Unfortunately, a lot of the time our kids’ “communication” seems rude, condescending, and tests our boundaries. But these behaviors are always our kids’ attempt to get our attention and ask for our help.
It makes sense to blame our teens for bad behavior. It also makes sense to feel angry and ashamed when our teens act out. But if we actually want to stop hating our teens, the only possible path forward is to look inward and seek to change our own behavior, which is often the only way to change our family dynamics.
Why teenagers are so difficult
While hormones and maturation tell some of the story of why teens are difficult, they miss a major element: parental attachment. Without a healthy and secure parent-child attachment, teens become increasingly difficult to parent as they age.
How do you know if you and your teenager lack healthy attachment? Well, the most obvious sign is that you don’t like them very much, and they don’t seem to like you, either.
What is attachment?
Attachment theory is a well-established and deeply-researched psychological concept. The idea is that all children develop an attachment style with their parents or primary caregivers. There are four main styles of attachment associated with childhood development:
- Secure attachment (~56%): a child who is securely attached feels they can rely on their caregiver to meet their needs. When the child is emotionally dysregulated, they seek their caregiver’s attention and are soothed by their caregiver.
- Anxious-ambivalent attachment (~20%): a child who is ambivalent feels insecure about their caregiver. Although they will behave in ways that attract their caregiver’s attention (e.g. whining, yelling, crying, being rude) when emotionally dysregulated, the caregiver is typically unable to soothe the child.
- Anxious-avoidant attachment (~23%): a child who has avoidant attachment does not seek their caregiver out when they are upset. When the child is emotionally dysregulated, they tend to go inward and avoid the caregiver and brush off any attempts to draw them out of their shell.
- Disorganized attachment (~1%): a child who has disorganized attachment does not rely on their caregiver for any reliable care. When the child is emotionally dysregulated, they may exhibit ambivalent or avoidant attachment patterns, but it is inconsistent, and they are rarely (if ever) soothed by their caregiver.
Many parents who complain that they hate their teenager are facing a child who is not securely attached.
Luckily, parents can usually improve their parent-child attachment. It takes effort and help. But working on yourself may be the best way to stop hating your teenager.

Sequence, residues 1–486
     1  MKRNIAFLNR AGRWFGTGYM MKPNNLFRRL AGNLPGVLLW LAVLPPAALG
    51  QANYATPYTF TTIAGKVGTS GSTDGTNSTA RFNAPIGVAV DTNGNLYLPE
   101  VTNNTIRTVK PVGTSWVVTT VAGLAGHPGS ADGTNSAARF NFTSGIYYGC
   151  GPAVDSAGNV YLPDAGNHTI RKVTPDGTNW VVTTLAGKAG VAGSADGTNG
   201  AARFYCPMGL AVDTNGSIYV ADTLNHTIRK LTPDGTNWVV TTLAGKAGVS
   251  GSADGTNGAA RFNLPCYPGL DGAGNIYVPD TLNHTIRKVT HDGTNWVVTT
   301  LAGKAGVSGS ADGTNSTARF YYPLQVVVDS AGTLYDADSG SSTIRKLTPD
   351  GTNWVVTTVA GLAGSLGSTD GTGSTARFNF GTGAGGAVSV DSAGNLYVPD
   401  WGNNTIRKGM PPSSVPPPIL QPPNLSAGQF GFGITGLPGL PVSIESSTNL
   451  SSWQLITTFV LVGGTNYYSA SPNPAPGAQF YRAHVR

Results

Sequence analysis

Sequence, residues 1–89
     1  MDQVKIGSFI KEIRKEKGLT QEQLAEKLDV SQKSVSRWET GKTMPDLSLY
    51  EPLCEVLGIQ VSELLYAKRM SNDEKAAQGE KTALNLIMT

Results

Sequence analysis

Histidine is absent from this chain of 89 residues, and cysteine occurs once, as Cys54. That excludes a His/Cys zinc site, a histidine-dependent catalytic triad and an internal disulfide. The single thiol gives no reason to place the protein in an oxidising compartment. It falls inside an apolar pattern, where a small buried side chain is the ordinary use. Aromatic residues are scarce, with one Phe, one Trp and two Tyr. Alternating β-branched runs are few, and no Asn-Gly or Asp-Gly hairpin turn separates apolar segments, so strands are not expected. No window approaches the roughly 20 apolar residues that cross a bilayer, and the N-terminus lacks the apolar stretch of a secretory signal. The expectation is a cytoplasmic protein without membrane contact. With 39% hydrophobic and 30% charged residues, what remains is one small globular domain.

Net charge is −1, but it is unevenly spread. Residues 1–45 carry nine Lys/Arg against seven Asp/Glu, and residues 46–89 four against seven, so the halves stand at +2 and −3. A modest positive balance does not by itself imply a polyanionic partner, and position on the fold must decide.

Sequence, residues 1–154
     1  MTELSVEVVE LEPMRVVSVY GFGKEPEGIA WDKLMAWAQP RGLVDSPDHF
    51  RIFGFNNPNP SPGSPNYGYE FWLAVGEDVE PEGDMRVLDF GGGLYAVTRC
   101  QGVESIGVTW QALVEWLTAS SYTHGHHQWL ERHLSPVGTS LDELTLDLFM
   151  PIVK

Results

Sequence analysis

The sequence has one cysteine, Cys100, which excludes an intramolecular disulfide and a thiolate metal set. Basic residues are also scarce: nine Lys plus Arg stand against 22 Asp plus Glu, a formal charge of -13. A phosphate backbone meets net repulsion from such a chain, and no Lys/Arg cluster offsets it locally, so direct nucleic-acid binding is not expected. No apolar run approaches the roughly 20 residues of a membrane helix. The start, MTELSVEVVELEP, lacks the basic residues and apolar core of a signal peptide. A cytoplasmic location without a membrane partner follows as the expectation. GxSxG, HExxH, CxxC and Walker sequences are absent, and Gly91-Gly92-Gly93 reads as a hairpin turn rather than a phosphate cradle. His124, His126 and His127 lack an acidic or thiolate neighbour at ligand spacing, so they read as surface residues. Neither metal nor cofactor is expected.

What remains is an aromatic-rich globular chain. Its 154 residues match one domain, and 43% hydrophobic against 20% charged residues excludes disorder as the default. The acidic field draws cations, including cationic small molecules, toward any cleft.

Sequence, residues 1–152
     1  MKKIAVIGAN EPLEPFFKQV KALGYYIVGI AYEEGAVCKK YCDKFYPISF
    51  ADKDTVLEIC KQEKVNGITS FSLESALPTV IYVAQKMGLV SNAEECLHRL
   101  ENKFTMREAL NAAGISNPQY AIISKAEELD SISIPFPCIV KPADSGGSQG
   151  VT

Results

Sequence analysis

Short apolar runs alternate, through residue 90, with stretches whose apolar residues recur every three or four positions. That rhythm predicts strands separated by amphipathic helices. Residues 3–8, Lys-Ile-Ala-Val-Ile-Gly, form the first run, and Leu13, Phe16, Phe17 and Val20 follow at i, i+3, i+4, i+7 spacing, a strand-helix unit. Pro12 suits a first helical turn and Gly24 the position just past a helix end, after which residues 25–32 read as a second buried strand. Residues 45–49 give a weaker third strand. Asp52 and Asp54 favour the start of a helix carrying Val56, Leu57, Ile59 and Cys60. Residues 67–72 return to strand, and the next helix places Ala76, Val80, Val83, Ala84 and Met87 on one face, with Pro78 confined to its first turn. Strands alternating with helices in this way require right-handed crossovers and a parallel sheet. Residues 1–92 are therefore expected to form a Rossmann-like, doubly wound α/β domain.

Teenage attachment problems
Insecurely attached teens don’t believe their parents understand who they really are. This means that we lose authority. Because if we don’t know who they are, how can we tell them what to do?
This is why insecurely attached children are harder to parent in every way.
Our requests quickly escalate to demands, punishments, threats, begging and nagging, but it doesn’t seem to make a difference: our teens won’t do what we ask them to do. This is annoying and infuriating. But doubling down on our attempts to control our teens rarely improves the situation. Instead, we need to build our authority by building our attachment.
Less secure people often lag when it comes to emotional maturity. When a parent is less secure, this can cause them to parent their children with less security. And remember, it doesn’t mean a lack of love. Almost all parents love their children and want what’s best for them. But if you have a less secure attachment style, then your child may struggle. Luckily, parents can become more emotionally mature by working with a professional.
Likewise, if your teen is less secure, they will be emotionally immature. You may see this in their behavior. One minute they are a balanced almost-adult. The next minute they are throwing a toddler-level tantrum because you asked them to take out the trash.
This may seem like a problem with the teen. And if your teen is willing to see a professional, they may gain emotional maturity that way. But parents can also help their kids become emotionally mature by building a more secure parent-child relationship.
In fact, parents can make a huge impact on their kids’ security and emotional maturity if they (the parent) attend therapy even if the child never does!
We must build attachment with our teens
Our insecurely attached teenagers are at higher risk of dangerous behaviors like drinking, antisocial behavior, eating disorders, and more. They are also awful to parent. Insecure attachment creates a self-perpetuating doom-loop in which we become further and further apart from each other. We must actively build a more secure attachment with difficult teens. Of course, this is easier said than done.
Difficult teens will tell us they don’t want us “interfering” in their lives. But that doesn’t mean that we should go back to moping in a separate room, feeling sorry for ourselves. Nor should we start thinking our kids don’t love us and need us. They do.
It’s tempting, but it won’t help to blame our teens for being ungrateful brats who don’t appreciate everything we have given them.